Of all American music, The Blues have been left most strictly alone. Scarcely a musical innovator - from early jazz through swing through bop through far out - has had the raw bravery or, perhaps,the imagination to tamper with the old 12-bar structure which has always stood solidly as a sort of edifice - like a Corinthian Column or a Chicago Condon. But now Hal Schaefer, one of our most inventive and thoughtful talents, hangs some new clothes, in varied hues, on the old frame.
In Ten Shades of Blue, Schaefer proves that The Blues needn't be primitive and needn't even be historically hidebound. Yet never once does he deface the original basic premise just for the sake of change. As modern and as unusual as this album is, there is more of old blues in it than can be found in many of the "traditional" versions. A case in point? Experimenting with W.C. Handy's 1909 Memphis Blues he is careful, if you will listen, to play the "first jazz break" exactly as scored by Handy.
Also, in the opening of Harold Arlen's I've Got a Right to Sing the Blues, the tempo is not Schaefer's alone. It was, originally, Arlen's and is so marked. To most of us, whose memories and ears are attuned to the great gravelling of the great Satchel-mouth with this song, this may come as - at least - a mild surprise. The inventiveness and exploration values of the songs, however, are clearly discernible in both treatment and technique. It is doubtful that, in the long and glorious history of The Blues, anyone has figured out quite such paradoxical musical effects.
You will hear, for instance, and possibly be startled by, Ted Sommer using such non-Blues instruments as finger cymbals, percussion, tympani and triangle. Yet each, as used, seems to have been just what one Blues or another has been awaiting and needing for a couple of generations.
From the physical standpoint, Schaefer's group for this record numbers about right. With himself at his piano, here is Morty Lewis on tenor and bass clarinet, Chet Amsterdam on bass, Charlie Persip at the drums and Sommer for the surprises. These men have no trouble in taking the familiar Tin Roof Blues right into today. Schaefer manages to give his own Blues for My Leah exactly the shade he wants. A shade he describes as "almost golden," possibly the best description. And for further inventiveness, this surely must be the first time anybody has heard a superior bass solo dominate the familiar and, to the modern ear, somewhat monotonous Bye Bye Blues.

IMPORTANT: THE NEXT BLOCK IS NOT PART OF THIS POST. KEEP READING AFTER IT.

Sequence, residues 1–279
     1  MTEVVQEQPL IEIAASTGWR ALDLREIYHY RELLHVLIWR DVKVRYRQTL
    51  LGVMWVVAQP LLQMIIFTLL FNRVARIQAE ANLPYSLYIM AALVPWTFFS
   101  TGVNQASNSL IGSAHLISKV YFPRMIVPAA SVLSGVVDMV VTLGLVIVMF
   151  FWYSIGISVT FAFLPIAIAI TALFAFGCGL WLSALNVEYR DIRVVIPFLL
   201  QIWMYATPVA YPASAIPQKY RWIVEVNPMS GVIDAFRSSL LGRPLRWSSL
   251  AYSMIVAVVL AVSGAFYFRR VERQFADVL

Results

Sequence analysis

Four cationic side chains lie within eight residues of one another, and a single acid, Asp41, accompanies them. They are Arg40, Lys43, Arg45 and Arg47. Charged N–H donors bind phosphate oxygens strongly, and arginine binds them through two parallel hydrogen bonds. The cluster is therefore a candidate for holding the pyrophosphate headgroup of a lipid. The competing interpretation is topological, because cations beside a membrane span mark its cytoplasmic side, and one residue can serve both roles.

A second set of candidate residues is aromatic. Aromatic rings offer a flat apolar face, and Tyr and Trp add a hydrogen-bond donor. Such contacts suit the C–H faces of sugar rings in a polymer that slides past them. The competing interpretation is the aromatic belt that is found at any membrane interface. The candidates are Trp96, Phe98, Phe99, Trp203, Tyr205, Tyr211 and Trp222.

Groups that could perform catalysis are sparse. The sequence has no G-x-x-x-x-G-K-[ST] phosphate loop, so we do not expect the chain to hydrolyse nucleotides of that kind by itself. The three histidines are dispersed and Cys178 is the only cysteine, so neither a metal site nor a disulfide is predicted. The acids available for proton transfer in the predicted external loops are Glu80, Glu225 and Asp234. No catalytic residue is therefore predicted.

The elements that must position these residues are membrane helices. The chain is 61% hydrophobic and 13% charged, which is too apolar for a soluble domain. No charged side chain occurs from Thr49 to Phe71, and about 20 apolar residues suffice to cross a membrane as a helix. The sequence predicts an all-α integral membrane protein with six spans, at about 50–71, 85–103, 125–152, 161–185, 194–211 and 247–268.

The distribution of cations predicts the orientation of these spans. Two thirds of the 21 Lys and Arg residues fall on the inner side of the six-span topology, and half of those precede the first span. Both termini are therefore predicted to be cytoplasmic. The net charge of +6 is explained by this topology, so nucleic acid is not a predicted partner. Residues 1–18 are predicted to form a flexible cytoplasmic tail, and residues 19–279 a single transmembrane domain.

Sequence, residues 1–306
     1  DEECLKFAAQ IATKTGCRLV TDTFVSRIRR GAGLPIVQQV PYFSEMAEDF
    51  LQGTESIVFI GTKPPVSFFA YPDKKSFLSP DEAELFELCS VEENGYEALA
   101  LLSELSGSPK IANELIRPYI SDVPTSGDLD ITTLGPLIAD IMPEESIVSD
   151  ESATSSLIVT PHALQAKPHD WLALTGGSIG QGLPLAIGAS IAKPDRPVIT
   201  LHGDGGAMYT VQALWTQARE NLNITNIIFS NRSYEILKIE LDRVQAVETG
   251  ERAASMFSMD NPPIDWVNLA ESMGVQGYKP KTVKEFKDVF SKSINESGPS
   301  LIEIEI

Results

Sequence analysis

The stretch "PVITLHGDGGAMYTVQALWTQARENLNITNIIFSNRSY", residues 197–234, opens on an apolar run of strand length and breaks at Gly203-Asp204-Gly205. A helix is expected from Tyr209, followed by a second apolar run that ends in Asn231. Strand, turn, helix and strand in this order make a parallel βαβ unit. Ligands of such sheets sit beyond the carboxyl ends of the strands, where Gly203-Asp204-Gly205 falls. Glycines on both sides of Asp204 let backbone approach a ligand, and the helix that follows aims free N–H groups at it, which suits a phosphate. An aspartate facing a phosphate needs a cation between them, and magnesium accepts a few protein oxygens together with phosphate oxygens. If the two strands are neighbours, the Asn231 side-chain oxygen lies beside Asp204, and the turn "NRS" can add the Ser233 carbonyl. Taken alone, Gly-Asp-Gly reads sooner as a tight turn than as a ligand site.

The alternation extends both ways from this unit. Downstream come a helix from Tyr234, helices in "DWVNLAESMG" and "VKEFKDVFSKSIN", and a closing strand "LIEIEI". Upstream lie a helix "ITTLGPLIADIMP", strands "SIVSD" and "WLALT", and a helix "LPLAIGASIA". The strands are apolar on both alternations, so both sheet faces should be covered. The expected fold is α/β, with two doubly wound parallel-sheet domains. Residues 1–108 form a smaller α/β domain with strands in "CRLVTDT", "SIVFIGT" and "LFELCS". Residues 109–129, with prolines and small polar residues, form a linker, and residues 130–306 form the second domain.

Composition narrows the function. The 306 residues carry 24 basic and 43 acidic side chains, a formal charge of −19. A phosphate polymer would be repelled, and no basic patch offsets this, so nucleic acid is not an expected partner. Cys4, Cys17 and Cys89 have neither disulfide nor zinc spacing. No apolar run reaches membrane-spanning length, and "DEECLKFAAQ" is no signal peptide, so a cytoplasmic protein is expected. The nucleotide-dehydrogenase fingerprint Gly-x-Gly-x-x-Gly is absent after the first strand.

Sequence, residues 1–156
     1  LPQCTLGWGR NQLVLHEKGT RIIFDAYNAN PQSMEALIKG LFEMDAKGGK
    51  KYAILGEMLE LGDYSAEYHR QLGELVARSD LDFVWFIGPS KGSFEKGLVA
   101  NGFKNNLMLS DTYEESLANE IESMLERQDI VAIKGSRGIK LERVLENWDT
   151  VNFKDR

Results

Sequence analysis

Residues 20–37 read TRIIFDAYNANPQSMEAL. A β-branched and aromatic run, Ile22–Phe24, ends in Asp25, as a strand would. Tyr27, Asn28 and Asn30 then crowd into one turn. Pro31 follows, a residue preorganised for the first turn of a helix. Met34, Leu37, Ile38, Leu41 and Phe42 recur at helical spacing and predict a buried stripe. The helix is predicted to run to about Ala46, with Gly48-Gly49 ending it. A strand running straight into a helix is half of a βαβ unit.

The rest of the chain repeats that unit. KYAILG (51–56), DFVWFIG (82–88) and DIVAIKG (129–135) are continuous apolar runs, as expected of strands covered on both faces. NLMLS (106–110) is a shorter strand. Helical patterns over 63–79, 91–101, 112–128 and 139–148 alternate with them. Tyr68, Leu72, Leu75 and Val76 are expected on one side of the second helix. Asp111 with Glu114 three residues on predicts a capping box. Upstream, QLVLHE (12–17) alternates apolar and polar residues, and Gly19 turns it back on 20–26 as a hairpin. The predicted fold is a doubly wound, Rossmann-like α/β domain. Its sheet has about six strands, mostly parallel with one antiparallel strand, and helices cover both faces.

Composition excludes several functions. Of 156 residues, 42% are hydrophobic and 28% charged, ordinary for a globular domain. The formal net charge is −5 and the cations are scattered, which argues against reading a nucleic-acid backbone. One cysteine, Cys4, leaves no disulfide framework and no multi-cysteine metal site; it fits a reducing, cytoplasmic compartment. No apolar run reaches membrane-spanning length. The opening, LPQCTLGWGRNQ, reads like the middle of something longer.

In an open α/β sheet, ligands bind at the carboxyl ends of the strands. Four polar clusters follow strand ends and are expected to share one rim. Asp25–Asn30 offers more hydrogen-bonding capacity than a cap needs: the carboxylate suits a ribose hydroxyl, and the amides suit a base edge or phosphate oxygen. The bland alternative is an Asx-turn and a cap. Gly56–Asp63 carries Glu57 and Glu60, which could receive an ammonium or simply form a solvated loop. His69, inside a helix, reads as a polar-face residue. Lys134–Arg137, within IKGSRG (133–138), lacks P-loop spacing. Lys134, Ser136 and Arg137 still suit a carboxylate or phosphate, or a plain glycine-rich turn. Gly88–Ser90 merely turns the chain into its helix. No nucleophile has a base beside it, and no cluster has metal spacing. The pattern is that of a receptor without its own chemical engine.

From the point of view of composition and arrangement, probably the most surprising and satisfying effect Schaefer has managed is to somehow, unbelievably, get the sound of almost a full brass section out of tympani. And in some of the solos, notably the bass and bass clarinet, his men have the courage to use instrumental tones above, below and beyond the call of duty.
Blues, to the traditionalist, almost screams for a vocal. There are none on this record and, as one mild voice, I'm glad. I am probably all alone, but the historic Blues vocals never moved me far. From Jelly Roll to Joe Turner, a Blues lyric to me consists of one line repeated until exhaustion and then another single line tossed in - tossed in from Outer Space, usually.
Hal Schaefer was a natural for this interesting and fulfilling musical experiment. He is one of our newer-type musicians dedicated to jazz who, like so many of today's and tomorrow's sound workmen, has not only had a thorough education but has worked in just about every field of music and learned something from each.
He has recorded, written and arranged for his own groups and for others. His Hal Schaefer in the Jazz Workshop recently gave us a clear look at his versatility and creativeness and with his showcase of Great Songs from United Artists Pictures, United Artists UAL 30001-S,he proved that he could bring brightness of imagination and bubbling innovation to songs which in other treatments had become, to put it squarely, otherwise stuck in the musical ear of the nation.
Schaefer has played piano for himself and for many top vocalists. He has worked daytimes in the film studio and nightimes in the cellar clubs. Recently he has channelled his work almost totally toward creating. Three songs in this album - Caribbean Blues, Blues for My Leah and Blues for Goin' Home are his own contributions. All of them, I think, would satisfy even Mr. Crump, the hero of Memphis Blues who wouldn't stand for any "easy riders" hangin' around.
Author of the nationally syndicated column, Dream Street